License office closings shameful barrier to voting
Published 11:26 pm Thursday, October 8, 2015
Can anyone seriously believe that the closing of so many driver license offices in so many predominantly black Alabama counties, with all the implications for voting in a state with a harsh voter ID law, would have happened before the Voting Rights Act was gutted two years ago? The preclearance provisions of the law that were removed in the infamous Shelby County v. Holder case would have kept such a move confined to the ever-active minds of those looking to suppress participation in the electoral process.
Now, under the guise of budget cuts, Alabama proposes to make it far more difficult for citizens to obtain driver licenses, which they not only need to lawfully operate a vehicle, but which also are the most commonly used forms of identification for meeting the requirements of the state’s voter ID law. The impact is glaringly disproportionate; every county in which the population of registered voters is 75 percent or more African-American will see the driver license office close.
Therein lies another argument – as if one were needed – for restoring those provisions, appropriately modified to reflect modern-day reality and the demonstrated progress made since the act was passed in 1965.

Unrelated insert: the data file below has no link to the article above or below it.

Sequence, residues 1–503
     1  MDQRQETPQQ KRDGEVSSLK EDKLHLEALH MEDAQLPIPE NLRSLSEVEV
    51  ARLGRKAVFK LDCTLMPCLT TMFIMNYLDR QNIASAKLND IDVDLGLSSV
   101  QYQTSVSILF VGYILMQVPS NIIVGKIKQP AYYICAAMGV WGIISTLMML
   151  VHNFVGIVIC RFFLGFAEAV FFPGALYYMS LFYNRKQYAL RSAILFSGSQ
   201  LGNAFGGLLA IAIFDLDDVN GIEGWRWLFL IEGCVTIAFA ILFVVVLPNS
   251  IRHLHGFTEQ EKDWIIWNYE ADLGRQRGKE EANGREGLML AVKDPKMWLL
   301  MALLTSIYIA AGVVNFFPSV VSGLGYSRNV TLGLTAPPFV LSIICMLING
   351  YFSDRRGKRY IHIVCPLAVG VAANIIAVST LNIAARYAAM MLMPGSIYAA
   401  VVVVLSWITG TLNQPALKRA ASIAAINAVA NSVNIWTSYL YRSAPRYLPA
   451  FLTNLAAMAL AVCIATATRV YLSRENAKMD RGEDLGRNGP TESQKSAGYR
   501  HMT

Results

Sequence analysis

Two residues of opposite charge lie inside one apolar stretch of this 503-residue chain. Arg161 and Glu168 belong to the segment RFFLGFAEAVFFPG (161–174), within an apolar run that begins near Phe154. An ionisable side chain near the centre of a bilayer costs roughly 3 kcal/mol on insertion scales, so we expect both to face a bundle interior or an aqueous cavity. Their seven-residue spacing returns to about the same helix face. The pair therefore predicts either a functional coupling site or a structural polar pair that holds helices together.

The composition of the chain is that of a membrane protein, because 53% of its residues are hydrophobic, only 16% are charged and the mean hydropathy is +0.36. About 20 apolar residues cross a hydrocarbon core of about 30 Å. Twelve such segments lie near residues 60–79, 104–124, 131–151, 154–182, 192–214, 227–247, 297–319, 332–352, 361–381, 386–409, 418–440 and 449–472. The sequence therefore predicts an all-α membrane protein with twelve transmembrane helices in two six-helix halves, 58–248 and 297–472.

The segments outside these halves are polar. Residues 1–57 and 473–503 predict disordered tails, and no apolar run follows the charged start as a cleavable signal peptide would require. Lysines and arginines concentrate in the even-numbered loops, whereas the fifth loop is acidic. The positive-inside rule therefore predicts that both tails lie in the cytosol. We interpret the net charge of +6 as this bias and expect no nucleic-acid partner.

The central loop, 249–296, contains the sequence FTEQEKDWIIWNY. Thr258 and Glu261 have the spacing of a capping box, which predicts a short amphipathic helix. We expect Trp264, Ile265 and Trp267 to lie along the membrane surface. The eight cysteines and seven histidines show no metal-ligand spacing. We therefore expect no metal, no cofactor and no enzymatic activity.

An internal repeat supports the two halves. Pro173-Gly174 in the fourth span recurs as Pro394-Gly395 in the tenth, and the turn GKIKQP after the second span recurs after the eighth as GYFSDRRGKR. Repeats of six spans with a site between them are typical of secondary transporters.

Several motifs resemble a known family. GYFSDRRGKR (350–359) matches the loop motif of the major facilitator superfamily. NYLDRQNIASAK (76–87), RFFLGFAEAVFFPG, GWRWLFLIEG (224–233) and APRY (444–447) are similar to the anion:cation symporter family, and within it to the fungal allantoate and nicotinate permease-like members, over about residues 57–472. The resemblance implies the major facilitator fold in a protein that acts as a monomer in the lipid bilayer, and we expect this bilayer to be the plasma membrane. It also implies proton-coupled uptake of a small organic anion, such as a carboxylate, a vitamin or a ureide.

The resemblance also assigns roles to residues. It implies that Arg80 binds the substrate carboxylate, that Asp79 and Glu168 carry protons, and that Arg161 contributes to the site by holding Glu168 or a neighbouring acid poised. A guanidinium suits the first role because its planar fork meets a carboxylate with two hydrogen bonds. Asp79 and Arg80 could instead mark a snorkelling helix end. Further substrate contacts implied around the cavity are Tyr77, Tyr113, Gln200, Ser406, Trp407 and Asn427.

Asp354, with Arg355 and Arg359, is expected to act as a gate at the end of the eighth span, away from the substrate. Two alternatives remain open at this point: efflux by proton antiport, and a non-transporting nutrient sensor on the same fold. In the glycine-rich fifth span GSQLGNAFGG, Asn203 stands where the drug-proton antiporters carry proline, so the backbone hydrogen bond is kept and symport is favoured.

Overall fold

U.S. Rep. Terri Sewell, who represents the 7th District and most of the Black Belt counties hardest hit by the closures, has called for a Justice Department investigation. It is well justified.
The barrage of criticism from inside and outside Alabama prompted quick claims that alternatives are available for meeting voter ID requirements. It is true that voter ID can be obtained from county boards of registrars, although the boards’ days and hours of operations vary. It is also true that the secretary of state’s office has a mobile ID unit that visits various counties. However, Sewell noted that her office had received a number of complaints about the ready accessibility and inconvenience of these options.
Some have suggested online alternatives, but that presumes the widespread availability of broadband Internet access and personal computers. That’s a huge issue in many of the affected counties. Alabama’s digital divide is greatest in the Black Belt counties, so it’s hard to see that as a realistic option.
Openly intended or not, problems like this are the predictable result of a stubborn refusal by the Legislature to face fiscal facts and take the necessary steps to properly fund the basic functions of state government. Add to that the potential political impact of suppressed voter participation and Alabamians are smothered in a toxic blend that reeks of irresponsibility and chicanery.